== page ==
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Oakland's Moler Barber College Saved By Phil Tagami and California Commercial Investments - Oakland Tribune

Renowned barber college still stylin' in new location
Moler transplanted to Telegraph Avenue


OAKLAND — The spacious Moler Barber College salon on Telegraph Avenue was crowded with would-be barbers and stylists giving shaves and facials early one recent morning. Despite being a normally talkative bunch, no one uttered a peep.
For a full hour, the students silently honed their straight-razor shaving techniques, folded hot towels in the precise way and perfected the art of rejuvenating facial massages — all in preparation for rigorous practical state board exams in March.
That this scene happened at all is amazing, because it wasn't so long ago that Oakland's 95-year-old barberschool — one of the few in the Bay Area — was in danger of closing for good.

Kaiser Permanente Medical Center, which is expanding its North Oakland campus, had purchased the storefront building on Broadway, where Moler students had shampooed, shaped and styled countless heads for the past 25 years.
Moler owner Elsia Curry received an eviction notice and tried to find someone who would buy and relocate the business. As the months went on and the nibbles stopped, Curry thought about closing up.

No one could have blamed her. She took over the business when her husband died unexpectedly in 1997, only five months after he purchased the school. Curry was retired from the U.S. Postal Service and didn't know the first thing about barbering, accreditation or a million other nagging details involved in running the business.
The work was grueling; dreams of vacations danced in her head.

Still, Curry isn't the type to cut and run. She runs the school with a military-like strictness, but the students know she's a softie. They begged her not to give up and, lo and behold, Oakland city officials stepped in to help. California Commercial Investments offered a new space with a 10-year lease on Telegraph Avenue.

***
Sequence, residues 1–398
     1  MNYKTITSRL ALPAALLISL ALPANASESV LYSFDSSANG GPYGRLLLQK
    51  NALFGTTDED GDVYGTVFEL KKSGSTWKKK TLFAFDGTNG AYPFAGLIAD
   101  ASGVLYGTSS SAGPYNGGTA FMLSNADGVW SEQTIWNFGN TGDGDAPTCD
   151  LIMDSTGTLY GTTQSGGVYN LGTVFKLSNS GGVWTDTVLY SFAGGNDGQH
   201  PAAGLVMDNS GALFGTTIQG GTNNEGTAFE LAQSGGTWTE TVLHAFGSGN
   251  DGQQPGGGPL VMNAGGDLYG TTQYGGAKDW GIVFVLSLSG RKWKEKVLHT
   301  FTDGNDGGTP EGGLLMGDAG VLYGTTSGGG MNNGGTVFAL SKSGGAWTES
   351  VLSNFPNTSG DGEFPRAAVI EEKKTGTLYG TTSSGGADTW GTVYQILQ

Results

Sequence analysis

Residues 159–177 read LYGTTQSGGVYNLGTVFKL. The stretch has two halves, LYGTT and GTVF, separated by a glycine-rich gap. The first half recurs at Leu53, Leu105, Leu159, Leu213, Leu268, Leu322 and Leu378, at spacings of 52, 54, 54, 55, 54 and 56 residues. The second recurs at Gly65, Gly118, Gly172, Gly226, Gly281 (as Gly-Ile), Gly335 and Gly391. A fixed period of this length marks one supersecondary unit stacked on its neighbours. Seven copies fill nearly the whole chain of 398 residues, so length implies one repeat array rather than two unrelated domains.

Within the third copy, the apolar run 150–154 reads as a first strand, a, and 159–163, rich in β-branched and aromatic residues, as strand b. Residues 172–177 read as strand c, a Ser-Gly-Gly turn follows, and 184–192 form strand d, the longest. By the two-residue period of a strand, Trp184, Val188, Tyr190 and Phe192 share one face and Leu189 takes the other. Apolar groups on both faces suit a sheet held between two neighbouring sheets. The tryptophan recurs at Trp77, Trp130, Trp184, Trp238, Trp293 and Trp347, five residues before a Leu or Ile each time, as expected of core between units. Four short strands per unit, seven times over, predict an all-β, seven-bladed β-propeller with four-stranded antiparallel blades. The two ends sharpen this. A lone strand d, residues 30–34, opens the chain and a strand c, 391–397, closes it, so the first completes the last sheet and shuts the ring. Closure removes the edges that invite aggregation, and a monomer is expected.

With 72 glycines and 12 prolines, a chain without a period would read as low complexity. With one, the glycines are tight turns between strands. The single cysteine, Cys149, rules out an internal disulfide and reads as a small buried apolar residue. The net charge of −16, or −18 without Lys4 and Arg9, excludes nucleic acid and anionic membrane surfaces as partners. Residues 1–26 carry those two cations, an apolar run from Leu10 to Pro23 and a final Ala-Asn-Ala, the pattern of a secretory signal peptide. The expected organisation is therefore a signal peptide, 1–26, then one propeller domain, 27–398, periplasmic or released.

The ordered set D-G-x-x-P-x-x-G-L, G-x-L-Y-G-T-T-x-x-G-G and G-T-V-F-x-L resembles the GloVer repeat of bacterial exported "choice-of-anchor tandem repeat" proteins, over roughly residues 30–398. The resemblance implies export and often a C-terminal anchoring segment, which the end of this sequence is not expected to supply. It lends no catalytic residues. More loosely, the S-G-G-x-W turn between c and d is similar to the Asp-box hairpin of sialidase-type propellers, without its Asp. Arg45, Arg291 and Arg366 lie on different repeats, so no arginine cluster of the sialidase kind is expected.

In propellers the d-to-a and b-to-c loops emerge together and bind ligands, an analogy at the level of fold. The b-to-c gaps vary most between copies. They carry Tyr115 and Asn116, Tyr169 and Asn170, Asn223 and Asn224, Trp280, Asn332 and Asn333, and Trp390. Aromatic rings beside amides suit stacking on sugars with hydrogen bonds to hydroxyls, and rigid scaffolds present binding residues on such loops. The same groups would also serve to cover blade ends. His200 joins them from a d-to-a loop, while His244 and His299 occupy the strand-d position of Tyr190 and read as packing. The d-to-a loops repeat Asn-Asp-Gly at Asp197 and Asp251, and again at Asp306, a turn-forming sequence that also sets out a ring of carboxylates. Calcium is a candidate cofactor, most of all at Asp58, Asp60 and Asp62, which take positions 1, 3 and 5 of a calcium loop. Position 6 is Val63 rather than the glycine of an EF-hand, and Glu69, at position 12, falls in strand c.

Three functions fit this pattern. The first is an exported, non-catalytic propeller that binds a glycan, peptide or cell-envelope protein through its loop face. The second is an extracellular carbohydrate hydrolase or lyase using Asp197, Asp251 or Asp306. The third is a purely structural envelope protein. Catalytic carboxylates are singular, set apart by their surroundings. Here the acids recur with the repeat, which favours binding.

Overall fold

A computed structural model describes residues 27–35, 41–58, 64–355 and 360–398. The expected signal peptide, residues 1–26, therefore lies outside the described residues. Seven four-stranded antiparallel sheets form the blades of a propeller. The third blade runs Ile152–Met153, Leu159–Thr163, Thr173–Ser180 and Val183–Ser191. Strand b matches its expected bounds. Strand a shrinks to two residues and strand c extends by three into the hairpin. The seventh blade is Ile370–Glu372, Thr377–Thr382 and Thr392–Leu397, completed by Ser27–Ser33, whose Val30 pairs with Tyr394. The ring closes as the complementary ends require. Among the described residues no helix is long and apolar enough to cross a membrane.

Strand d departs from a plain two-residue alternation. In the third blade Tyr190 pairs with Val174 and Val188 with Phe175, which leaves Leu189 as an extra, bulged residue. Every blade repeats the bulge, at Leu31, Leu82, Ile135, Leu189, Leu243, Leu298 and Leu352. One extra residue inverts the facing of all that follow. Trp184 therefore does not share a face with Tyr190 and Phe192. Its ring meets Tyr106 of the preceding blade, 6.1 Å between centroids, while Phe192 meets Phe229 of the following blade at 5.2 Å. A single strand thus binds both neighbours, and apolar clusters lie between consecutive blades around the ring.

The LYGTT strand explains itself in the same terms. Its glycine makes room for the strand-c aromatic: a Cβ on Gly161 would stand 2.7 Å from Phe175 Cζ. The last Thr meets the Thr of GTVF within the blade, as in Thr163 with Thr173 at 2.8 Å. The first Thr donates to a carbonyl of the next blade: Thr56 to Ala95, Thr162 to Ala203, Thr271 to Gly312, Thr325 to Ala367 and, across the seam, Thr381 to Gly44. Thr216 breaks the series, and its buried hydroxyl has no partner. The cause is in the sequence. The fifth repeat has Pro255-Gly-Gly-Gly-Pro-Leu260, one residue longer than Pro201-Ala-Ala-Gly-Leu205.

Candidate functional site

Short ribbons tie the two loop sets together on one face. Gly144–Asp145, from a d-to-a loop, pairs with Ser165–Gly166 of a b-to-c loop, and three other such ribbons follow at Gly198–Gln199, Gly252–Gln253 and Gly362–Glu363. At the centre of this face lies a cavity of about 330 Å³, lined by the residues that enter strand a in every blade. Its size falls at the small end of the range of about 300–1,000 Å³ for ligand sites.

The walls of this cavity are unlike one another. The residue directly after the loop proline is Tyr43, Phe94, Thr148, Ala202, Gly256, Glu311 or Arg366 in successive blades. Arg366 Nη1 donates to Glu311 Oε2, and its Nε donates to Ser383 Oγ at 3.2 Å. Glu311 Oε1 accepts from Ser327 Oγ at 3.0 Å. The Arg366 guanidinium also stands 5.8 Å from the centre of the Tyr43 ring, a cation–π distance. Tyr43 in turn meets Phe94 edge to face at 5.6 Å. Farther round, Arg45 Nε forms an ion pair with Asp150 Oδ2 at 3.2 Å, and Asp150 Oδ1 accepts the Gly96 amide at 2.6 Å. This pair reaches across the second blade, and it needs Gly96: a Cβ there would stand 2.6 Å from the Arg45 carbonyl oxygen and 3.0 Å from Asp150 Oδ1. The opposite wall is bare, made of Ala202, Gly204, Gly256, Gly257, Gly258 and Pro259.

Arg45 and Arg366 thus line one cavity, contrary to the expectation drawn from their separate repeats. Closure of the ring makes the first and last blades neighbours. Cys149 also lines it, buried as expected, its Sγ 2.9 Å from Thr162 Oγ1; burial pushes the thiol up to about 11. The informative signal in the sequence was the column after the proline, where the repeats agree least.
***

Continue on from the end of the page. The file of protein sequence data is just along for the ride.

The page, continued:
The news couldn't have been better for the next generation of Moler barber grads being groomed to shape and fade heads around the Bay Area.

Bill McCall and Jerron Robertson are getting ready to take their state board exams in mid-March. Both were students at the former location and share an easy camaraderie born after months spent together over barber chairs.
The young men swapped barber lore and funny styling tips, but Robertson wasn't kidding when he spoke about the difference Curry had made in his life.

"Mrs. Curry gives us a second chance," he said. "I was in (barber) school and got in trouble, went to jail. Mrs. Curry welcomed me back. She saved a lot of people from trouble.

"I got three kids," he said. "Being a barber is my last chance."

Though Robertson expects to go to work at his brother-in-law's barber shop in El Sobrante, McCall, a photographer and videographer, has other ideas. He wants to open a mobile barber shop.

"Barbering was a goal of mine before I left Chicago," he said, pointing to two dollar bills taped to the wall above his station — one marked with felt pen as his first tip at the old location and the other as his first tip at the Telegraph location.

"I had a 15-year goal that I'm doing in 10 years, so I'm five years ahead of myself. It's fun. As long as you're happy doing what you're doing, you'll be all right."

There aren't many barber colleges left, and Curry's students travel far and wide. Some said they always knew that they wanted to be barbers; others spent time in minimum-wage retail jobs before deciding to pick up electric shears and a straight edge.

Sean Potter, 34, of Tracy, enrolled in the college after his first career choice ended in disappointment. Potter spent six years with the Oakland Police Department before retiring in August with a back injury. He has logged three months as a student at Moler and thinks it's a good fit.

"I got a bad haircut as a teenager, and I vowed that would never happen again," Potter said. "So before I went away to college, I asked my mother to get me a set of clippers."

Curry said she's happy about the school's spacious, 25-station new home. Each station displays a mannequin head on which the students practice hair colors before trying it on the paying customers, who start streaming through the glass doors by mid-morning.

She's also clear about the future of the school, but she's keeping her own plans close to the vest.
"Change is good," she said. "Everyone loves it here. Over there was home, and we're trying to make this home. We have a 10-year lease, but I may not be here all that long.

"We'll see what the future holds," she said with a smile.
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